tempDB and single data files - risks

Can I ask for a laymans interpretation (management jargon free summary) of the following issue in SQL Server. By reviewing a recent healthcheck report, they flag it as a medium severity issue that the "tempDB" only has 1 data file. Can anyone elaborate on the risks here, and what exactly the tempDB does in relation to MSSQL?

basically I am asking what is the risk in having only 1 data file for tempDB? How many should you have? Is this the same for every database?
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Steve WalesConnect With a Mentor Senior Database AdministratorCommented:
Depending upon the load in your system you can run into contention on tempdb with only a single data file.

TempDB is used for all sorts of stuff by every database in an instance - it's used for temporary storage, sorting, user temp tables among other things.

Do a google search and read up on SGAM contention in tempdb.

If you have multiple databases and a heavy load - processes may queue up as they try to get allocation in tempdb which is controlled by the SGAM for the data file (Shared Global Allocation Map).

If you have multiple datafiles (I believe a benchmark is 1 datafile per 2 processors - but that is only a rule of thumb as a place to start) you spread that load out.

You need to ensure that when you have multiple data files, that each data file is exactly the same size or the internal algorithm that determines which data file to use won't work properly.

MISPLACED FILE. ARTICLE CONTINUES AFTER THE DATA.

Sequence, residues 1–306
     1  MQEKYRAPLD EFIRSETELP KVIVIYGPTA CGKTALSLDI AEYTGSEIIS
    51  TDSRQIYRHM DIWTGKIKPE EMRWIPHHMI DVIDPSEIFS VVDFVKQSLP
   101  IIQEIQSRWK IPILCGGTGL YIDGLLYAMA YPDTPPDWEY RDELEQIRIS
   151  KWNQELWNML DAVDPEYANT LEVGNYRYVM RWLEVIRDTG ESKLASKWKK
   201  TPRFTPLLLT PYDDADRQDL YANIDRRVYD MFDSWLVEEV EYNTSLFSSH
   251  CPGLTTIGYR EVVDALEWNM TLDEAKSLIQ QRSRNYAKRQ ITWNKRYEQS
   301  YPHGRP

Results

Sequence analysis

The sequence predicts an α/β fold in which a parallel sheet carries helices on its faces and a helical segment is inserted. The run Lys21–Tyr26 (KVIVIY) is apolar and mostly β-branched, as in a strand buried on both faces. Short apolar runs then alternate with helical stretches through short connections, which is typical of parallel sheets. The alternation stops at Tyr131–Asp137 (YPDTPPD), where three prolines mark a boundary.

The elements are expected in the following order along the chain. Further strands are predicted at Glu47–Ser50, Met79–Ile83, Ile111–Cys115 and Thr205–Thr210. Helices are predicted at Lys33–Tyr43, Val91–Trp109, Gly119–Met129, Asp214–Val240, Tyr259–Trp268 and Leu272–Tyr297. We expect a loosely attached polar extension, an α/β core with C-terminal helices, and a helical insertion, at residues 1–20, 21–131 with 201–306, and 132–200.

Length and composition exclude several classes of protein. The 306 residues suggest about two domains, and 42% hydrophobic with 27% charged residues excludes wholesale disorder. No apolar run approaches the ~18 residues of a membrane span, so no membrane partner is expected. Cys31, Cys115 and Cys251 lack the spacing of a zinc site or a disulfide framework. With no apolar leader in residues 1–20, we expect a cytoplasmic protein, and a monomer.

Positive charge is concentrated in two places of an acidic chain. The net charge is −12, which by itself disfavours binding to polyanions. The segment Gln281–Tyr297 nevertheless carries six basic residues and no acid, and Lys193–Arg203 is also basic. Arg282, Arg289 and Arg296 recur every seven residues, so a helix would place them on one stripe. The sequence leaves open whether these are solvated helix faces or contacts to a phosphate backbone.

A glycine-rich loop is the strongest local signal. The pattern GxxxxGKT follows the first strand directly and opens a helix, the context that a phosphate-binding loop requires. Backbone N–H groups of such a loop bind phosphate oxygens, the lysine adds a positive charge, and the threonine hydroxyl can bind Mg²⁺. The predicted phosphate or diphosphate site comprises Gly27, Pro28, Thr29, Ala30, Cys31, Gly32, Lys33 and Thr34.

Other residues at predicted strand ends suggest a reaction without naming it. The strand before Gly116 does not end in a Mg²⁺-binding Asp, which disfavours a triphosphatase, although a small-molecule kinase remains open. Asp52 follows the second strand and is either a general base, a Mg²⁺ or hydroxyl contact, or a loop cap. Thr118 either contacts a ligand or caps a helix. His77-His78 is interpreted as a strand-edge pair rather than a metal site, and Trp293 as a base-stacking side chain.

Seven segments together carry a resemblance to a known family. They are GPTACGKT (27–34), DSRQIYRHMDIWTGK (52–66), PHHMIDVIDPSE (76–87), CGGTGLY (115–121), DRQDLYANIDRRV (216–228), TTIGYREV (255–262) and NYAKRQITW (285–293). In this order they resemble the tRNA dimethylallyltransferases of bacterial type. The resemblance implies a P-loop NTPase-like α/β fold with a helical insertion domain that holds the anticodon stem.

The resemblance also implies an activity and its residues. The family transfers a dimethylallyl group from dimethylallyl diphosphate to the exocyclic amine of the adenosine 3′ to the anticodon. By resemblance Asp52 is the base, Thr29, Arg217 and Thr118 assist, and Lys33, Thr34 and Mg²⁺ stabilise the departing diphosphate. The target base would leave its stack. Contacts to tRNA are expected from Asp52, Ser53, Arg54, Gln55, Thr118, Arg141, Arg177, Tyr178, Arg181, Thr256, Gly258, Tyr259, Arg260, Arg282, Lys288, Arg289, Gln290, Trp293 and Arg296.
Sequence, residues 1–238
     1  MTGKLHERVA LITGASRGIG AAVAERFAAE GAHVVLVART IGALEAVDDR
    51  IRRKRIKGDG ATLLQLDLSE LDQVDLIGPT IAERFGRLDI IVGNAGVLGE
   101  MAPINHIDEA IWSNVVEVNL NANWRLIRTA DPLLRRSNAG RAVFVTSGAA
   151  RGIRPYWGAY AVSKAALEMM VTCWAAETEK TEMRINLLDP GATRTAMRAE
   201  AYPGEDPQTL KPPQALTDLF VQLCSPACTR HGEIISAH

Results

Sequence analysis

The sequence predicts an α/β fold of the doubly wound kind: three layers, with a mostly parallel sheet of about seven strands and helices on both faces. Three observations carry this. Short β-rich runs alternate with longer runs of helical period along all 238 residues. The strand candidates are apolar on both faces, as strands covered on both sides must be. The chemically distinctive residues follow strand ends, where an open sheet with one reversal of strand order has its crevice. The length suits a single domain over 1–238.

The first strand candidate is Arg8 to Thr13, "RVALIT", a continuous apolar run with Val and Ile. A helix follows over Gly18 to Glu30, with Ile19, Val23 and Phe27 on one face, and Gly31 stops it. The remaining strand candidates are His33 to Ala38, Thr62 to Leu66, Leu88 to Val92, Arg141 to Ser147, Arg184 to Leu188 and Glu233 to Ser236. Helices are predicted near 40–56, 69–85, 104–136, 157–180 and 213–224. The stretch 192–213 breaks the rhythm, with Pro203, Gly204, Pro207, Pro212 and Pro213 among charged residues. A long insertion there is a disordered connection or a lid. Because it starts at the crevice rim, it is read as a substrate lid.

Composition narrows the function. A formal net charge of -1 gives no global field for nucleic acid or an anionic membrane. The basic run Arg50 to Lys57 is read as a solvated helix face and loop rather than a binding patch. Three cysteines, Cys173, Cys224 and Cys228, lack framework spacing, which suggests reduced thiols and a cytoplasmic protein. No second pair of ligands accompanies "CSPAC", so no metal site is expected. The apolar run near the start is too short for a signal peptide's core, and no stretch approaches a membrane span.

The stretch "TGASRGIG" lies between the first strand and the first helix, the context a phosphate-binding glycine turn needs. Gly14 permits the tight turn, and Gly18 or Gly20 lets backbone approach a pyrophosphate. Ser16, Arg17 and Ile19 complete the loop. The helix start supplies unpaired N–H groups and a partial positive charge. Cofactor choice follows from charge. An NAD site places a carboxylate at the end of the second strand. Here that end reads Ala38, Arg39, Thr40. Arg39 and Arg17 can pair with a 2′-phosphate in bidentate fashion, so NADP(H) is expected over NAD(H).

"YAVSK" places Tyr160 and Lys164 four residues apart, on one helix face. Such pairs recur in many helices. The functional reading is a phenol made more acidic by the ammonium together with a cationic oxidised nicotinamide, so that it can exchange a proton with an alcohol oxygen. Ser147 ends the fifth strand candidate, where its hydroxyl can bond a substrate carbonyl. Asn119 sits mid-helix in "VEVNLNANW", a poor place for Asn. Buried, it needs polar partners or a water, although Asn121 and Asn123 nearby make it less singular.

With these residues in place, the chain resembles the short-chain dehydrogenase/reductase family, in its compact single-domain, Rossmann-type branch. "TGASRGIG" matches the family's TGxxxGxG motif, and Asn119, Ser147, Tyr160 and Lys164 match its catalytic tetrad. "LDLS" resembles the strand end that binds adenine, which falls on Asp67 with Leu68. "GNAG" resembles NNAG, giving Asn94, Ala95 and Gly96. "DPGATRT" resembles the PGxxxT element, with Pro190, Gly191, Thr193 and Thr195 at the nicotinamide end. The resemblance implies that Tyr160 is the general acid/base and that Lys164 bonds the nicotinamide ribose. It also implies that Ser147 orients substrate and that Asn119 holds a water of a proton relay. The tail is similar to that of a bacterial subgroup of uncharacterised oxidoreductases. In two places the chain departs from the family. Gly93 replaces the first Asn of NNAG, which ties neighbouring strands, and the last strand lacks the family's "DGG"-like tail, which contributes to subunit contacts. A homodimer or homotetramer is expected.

Here's some links to get you started on the reading for this by some assorted SQL Server notables:

Adam Machanic: http://sqlblog.com/blogs/adam_machanic/archive/2011/04/21/analyzing-tempdb-contention-a-month-of-activity-monitoring-part-21-of-30.aspx
Brent Ozar:  http://www.brentozar.com/blitz/tempdb-data-files/
Paul Randall: http://blogs.msdn.com/b/sqlserverstorageengine/archive/2006/07/08/under-the-covers-gam-sgam-and-pfs-pages.aspx
pma111Author Commented:
Thanks... is this only specific to the tempdb database or do you have more than one data file on all (dbs system or user)
Steve WalesSenior Database AdministratorCommented:
The things I've read about most seem to indicate that it's mainly a tempdb issue, but it depends upon your workload and what the system is used for.

You mainly OLTP ?  Then short in and out transactions probably aren't going to make a huge difference.

You have a data warehouse with huge volumes of data ?  Then maybe partitioning is a better idea.

Paul Randal ran a scenario where he did some testing (for what it is worth in this discussion), but might be worth a read: http://www.sqlskills.com/blogs/paul/benchmarking-do-multiple-data-files-make-a-difference/
pma111Author Commented:
Yes mainly OLTP info systems driven by our SQL database apps.
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